Houses on reserves in northern Ontario are full of mold, overcrowded and aren’t built to last — the result of a paternalistic federal government designing prefabricated houses for First Nations, instead of them designing their own. In many communities, this has contributed to poor health and rampant suicide.
On Wednesday, Nishnawbe Aski Nation (NAN) and Ryerson University announced an innovative new housing strategy that they hope will change federal policy, and eventually could allow First Nations to design their own homes through design charrettes. It’s the first of its kind in Canada, Dr. Shelagh McCartney, who leads Ryerson’s Together Design Lab, told VICE News.
It’s well known that there is a housing crisis on reserve, but the way it is defined and understood by communities versus governments “ultimately describes a different crisis,” McCartney explains.
NAN is a political organization that represents 49 First Nations spread across northern Ontario. The program is gathering data from each community in that territory, and plans to present it to federal and provincial governments to show them exactly what Indigenous people want from their housing. Federal funding is currently addressing needs based on the government’s own data, not on the community’s data, McCartney explained.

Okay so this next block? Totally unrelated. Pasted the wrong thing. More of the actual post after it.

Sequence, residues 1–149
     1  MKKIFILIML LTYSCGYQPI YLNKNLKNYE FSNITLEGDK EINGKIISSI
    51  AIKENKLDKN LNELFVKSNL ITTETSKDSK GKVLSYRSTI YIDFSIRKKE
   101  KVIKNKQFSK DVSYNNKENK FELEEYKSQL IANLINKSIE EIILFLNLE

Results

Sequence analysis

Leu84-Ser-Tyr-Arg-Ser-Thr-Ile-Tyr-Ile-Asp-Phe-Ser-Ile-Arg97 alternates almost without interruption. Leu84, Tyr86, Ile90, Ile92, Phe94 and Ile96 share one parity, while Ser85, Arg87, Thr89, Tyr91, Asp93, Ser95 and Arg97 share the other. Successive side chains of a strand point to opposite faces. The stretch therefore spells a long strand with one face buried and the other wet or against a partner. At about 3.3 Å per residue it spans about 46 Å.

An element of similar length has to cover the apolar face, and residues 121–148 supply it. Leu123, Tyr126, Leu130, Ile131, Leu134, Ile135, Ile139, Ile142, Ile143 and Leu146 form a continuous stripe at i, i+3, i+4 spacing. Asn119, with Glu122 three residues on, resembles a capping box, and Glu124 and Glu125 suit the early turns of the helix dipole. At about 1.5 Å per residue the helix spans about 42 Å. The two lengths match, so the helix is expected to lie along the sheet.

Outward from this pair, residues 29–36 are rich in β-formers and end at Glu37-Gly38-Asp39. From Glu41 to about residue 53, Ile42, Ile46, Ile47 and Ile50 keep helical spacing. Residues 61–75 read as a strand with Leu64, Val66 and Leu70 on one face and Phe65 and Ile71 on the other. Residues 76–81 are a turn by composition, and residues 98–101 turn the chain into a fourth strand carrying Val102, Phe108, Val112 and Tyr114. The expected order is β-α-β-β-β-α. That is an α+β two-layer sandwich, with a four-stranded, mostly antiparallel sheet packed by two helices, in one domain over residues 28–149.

NAN Grand Chief Alvin Fiddler and McCartney are hoping funding commitments and policy change from the federal and provincial governments will follow — but they haven’t yet.
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In 2014, NAN declared a housing crisis in its territory. “There has been very little improvement since then,” Fiddler says.
According to the 2016 census and a NAN Infrastructure Summit Report, NAN households have an average of 4.8 people per home, while the number of people per household in Canada is 2.4. While only seven percent of homes in Canada are in need of major repair, that number is 49 percent in NAN territory.
Fiddler described the conditions in his own community, Muskrat Dam, where, similar to other reserves, prefab homes are hauled in over winter roads and assembled in the summer months. Because of the current funding levels, he says the communities have to go with the lowest bid. The result is “very cheap” materials that aren’t fire resistant, and deteriorate quickly.
Homes are often built on foundations of pressure-treated plywood on top of gravel. The ground underneath is muskeg, so the wood quickly deteriorates.
Fiddler had to move out of one of these prefab homes 20 years ago. “There was mold to the point you couldn’t step in certain spots in the house because your foot would go through the floor.”
While Muskrat Dam has a small population, Fiddler says overcrowding is a huge issue in other communities, like Attawapiskat, where a housing shortage in 2011 led to intervention by the Red Cross. With 3,000 people in that community, Fiddler says “we hear about situations where there are two families to a house.” That means there are up to 15 people living in a single home.
"Everything’s connected to housing."